Gentleman Jim
Vancouver was a citizen of credit and renown
A tugboat captain eke was he, of famous London Town
According to tradition, if my memory fails me not
The gallant captain's family life was never very hot
He owned his gallant tugboat, and he had a buxom wife
And fifteen hungry mouths to feed throughout his gallant life.
Vancouver was a Hollander, his family tree was Dutch
And yet he did not care about his kinsmen over much.
His most apparent weakness was a failing for the femmes
With whom he spent the afternoons, tug boating on the Thames.

Now anyone with half an eye 
Can prophesy as well as I
That sure enough, as time went by, 
His wife would raise a hue and cry
Against her husband's compan-y.

Now, George Vancouver's wife was no exception to the rule
Her husband's carefree attitude had made her look a fool.
At last her patience failed her, and in words we all know well
She consigned the gallant captain to the fiery depths of Hell
So off the gallant captain sailed in search of fiery Hades
With fifteen gallant tugboat hands and fourteen wiry ladies
And sailed and sailed and sailed and sailed and sailed and sailed and sailed
And sailed and sailed and sailed and sailed and sailed and sailed and sailed.

They skirted lands with scorching drouth
They passed the river Rio's mouth
And still continued further South, to Terra Del Fuego.
The great volcano's deafening roar
Convinced them this was Hades shore.
(Will someone kindly shut the door before I catch lumbago).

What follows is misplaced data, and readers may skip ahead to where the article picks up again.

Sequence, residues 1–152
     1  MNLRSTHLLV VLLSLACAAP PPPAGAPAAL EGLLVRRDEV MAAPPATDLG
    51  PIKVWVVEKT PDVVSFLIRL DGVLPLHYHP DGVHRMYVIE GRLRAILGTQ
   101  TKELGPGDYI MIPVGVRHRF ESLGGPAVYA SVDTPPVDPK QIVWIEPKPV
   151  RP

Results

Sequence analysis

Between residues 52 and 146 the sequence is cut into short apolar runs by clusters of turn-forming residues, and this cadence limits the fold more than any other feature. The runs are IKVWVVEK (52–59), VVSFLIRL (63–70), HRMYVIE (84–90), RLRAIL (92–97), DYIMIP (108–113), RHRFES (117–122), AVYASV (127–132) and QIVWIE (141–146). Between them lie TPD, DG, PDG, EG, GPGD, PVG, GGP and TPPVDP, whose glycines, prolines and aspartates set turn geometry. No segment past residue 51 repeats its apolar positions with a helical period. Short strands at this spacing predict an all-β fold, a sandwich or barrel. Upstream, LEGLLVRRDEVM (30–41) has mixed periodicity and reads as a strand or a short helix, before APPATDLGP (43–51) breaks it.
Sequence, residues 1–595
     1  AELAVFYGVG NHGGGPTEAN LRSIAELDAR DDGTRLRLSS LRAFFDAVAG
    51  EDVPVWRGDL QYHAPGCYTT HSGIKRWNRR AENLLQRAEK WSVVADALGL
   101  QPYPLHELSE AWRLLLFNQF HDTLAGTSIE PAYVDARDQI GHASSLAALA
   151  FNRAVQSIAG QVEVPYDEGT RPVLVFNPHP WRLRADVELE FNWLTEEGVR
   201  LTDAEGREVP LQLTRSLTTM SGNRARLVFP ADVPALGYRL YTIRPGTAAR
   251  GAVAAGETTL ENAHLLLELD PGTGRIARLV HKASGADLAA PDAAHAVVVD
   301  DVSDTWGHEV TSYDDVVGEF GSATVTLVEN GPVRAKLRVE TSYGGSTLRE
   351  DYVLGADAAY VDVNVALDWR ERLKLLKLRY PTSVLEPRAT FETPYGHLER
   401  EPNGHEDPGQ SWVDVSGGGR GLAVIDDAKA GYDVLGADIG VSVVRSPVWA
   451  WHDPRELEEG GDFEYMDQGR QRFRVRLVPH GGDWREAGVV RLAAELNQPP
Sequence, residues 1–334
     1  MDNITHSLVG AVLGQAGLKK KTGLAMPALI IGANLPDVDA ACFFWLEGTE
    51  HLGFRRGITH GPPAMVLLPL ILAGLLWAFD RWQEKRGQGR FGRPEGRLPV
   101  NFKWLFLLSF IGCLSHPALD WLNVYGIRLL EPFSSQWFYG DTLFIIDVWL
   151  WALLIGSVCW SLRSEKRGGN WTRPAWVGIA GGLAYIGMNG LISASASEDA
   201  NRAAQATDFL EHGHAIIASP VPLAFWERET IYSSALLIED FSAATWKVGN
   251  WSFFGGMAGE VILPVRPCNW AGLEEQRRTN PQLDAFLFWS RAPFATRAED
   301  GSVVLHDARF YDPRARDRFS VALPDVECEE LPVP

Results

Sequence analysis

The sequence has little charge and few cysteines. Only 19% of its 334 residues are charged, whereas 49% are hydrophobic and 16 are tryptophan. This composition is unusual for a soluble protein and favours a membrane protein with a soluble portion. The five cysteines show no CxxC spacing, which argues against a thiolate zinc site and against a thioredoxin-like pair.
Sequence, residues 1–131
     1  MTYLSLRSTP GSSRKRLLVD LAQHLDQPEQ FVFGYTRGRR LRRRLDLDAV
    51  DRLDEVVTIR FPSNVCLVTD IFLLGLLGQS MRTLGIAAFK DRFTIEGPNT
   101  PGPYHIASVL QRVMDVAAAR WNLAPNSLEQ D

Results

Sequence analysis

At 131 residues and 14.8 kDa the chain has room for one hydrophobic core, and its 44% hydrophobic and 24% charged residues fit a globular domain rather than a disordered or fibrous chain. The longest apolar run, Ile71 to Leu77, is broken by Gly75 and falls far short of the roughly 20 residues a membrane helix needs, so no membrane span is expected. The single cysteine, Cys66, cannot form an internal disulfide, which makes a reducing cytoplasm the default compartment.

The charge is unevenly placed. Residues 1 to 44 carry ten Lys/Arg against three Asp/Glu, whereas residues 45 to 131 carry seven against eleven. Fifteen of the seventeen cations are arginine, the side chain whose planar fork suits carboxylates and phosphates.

The crater's flame subsided, and Vancouver realised
That this was not the land they sought, as everyone surmised
So up the sails were hoisted, and the boat went on its way
Around the Horn and up the coast of South Americay.

The voyage was terrible, generally speaking
The biscuits were stale and the tugboat was leaking
The weather was fresh but the sailors were not
And the more they went Northward the hotter it got.
They may have thought that Satan dwelt in Del Fuego's crater
They realised their great mistake when reaching the equator
Now nothing could convince the crew that this was not the shore
Of the place to which the captain's wife had sent him weeks before.

But Captain George Vancouver was a man of iron will
He knew his destination bade him journey farther still
He called his crew before him and in language blunt and terse
Said he, 'My boys, this may be bad, but Hell is even worse.'

So once again he took his post
And on they sailed along the coast
The captain looking like a ghost and twice as thin
They anchored off the Golden Gate
But George decided not to wait
The time was getting far too late to venture in
So on for yet another week
The captain gave his orders meek
'Until we find the place we seek, we won't give in.'

One afternoon the second mate was for'ard playing snookah
When from the mast the look-out cried, 'The Straits of Juan de Fuca.'
Vancouver quickly roused himself and scrambled up on deck
And every mother's son of them came up and craned his neck.
They floated to the harbour mouth and slowly ventured in
With lusty cheers from thirty throats they raised an awful din.
Vancouver in a booming voice that rang out loud and clear
He climbed up to the mizzen mast that everyone might hear
'My boys,' said he, 'each one of you has done his little bit
We've searched a year for Hades, and, by Jingo, this is it!'
The end